Brian takes a very big step this January 1st, staring his own merchant banking company with partner Josh Hall. Their office will be just a couple of blocks from their former employer, Legg Mason, and within easy walking distance of Camden Yards. One of the firms for which Brian provides managerial oversight makes mulch. Buy all of the Jolly Gardener bags you can find at your local garden shop.
Gwen and Brian's oldest, Jessica, is a tenth grader at Bryn Mawr School in Baltimore. She continues her interest in acting and in mid-November had a lead in a school play, "The Torch Bearers." Craig is an eighth grader at St. Paul's School. He golfs with his Dad at a nearby course; and plays lacrosse in a winter indoor league. Jack is also at St. Paul's and is in the sixth grade. He (Craig too) is well on his way to six feet three or four, trades Heroclicks with his cousins, and demonstrates insight beyond his years as to why people behave the way they do. Gwen has nominated him to be my successor in the pulpit.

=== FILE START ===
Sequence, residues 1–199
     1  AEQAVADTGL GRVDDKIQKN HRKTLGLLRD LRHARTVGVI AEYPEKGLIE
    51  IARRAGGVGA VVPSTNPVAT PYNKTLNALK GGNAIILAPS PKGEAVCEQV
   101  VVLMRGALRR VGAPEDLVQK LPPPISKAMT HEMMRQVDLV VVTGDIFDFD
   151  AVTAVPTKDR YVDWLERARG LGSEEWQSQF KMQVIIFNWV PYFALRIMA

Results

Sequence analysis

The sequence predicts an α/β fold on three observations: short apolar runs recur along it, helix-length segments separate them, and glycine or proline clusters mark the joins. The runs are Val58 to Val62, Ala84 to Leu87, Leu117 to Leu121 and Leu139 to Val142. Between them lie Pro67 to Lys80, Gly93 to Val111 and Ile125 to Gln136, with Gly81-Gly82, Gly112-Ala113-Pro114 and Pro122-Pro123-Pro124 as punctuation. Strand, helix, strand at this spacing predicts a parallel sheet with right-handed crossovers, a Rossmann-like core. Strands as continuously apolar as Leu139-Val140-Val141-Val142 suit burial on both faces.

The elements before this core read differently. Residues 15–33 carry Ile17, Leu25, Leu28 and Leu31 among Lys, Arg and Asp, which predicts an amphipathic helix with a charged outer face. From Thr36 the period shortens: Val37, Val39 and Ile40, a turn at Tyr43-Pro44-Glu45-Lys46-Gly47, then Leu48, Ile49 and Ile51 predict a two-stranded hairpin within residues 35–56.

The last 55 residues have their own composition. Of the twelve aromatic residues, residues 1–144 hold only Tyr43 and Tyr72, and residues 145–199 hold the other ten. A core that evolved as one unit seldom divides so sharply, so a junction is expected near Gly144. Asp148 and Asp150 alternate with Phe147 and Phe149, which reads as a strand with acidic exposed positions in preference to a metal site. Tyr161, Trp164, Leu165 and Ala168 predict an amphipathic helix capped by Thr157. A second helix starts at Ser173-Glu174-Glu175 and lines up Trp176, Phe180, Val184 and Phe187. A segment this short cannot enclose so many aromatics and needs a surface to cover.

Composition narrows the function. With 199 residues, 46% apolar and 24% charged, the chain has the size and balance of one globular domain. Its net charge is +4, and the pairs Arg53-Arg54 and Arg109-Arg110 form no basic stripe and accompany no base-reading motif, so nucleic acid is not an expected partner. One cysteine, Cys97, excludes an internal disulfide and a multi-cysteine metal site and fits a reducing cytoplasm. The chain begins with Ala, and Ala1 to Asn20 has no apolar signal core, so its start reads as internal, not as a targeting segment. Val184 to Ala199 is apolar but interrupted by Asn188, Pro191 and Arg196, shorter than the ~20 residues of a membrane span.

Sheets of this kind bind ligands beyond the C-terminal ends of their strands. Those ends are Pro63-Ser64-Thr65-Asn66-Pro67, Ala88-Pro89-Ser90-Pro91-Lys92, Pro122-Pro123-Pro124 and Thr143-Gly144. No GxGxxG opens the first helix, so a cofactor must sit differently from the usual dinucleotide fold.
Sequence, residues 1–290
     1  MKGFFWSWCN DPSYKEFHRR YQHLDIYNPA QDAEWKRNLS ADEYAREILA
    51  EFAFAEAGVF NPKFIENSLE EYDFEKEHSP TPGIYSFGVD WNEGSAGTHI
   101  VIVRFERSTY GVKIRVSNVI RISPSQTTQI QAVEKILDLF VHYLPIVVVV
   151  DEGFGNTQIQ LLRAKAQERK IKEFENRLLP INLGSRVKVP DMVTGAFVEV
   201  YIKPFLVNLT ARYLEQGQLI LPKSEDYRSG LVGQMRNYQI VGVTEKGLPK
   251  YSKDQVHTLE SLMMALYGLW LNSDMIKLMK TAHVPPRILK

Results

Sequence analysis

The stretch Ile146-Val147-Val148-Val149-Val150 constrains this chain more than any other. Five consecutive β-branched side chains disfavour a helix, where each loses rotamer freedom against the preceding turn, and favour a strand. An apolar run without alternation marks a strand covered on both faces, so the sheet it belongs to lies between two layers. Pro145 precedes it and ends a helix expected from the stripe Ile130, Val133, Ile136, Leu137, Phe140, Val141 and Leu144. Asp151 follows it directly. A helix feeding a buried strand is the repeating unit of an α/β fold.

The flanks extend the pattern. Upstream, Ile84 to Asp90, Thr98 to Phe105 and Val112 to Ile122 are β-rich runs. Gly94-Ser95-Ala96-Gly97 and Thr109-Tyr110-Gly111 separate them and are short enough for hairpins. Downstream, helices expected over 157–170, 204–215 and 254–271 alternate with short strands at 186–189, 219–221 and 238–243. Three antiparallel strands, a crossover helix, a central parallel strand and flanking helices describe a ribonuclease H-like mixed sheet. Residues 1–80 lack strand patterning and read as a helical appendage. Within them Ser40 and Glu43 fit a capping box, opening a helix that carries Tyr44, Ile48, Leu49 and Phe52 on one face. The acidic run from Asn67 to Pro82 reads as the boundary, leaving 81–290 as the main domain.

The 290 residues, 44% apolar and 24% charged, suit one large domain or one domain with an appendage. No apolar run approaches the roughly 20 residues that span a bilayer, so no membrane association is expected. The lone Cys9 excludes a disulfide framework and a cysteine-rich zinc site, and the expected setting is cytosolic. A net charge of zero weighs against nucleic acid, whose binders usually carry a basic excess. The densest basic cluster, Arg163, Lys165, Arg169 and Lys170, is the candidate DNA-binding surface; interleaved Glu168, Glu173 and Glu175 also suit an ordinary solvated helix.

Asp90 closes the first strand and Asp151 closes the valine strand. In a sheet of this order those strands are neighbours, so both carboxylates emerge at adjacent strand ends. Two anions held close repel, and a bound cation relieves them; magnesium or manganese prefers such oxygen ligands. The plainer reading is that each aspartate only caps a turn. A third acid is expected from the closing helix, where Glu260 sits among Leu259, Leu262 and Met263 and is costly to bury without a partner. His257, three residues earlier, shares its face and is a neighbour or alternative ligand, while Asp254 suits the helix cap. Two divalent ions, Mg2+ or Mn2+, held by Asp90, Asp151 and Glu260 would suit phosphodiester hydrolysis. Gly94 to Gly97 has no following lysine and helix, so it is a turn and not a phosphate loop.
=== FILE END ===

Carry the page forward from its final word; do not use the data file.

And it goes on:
Ben, precocious reader, and class bon vivant in the second grade at Pot Spring School, tags along with the older siblings and cousins and takes serious exception to any hint of teasing.
Teddy, our summer rent-a-dog, is Gwen's constant companion; but a jingling of my car keys never fails to entice him into my station wagon for a ride.
Kathy and Steve Curtis moved this past summer from Framingham to Shrewsbury MA. Kathy teaches yoga and has prepared a room on the ground level of their new home for classes, exercise, and massage therapy (think Shiatsu). Steve is two-thirds of his way to retirement as an instrumental music teacher in an elementary school in Northborough. He has added to his talents the arranging of music with a computer program; and, if you know where to look (www.Sibelius.com) you can listen to his instrumentations of "The Snake Charmer" and "Ukrainian Carol," plus trombone duets of Christmas carols.
Their daughter (our other granddaughter!), Alanna, is preternaturally proficient in music and yoga exercises... and however polysyllabic the word you utter, she can mimic it instantly. She turned three this month and will be graduating from high school next June (only kidding, but she is swift). Most days she spends the morning at nursery school. She collects Ariel dolls and anything that looks like a princess.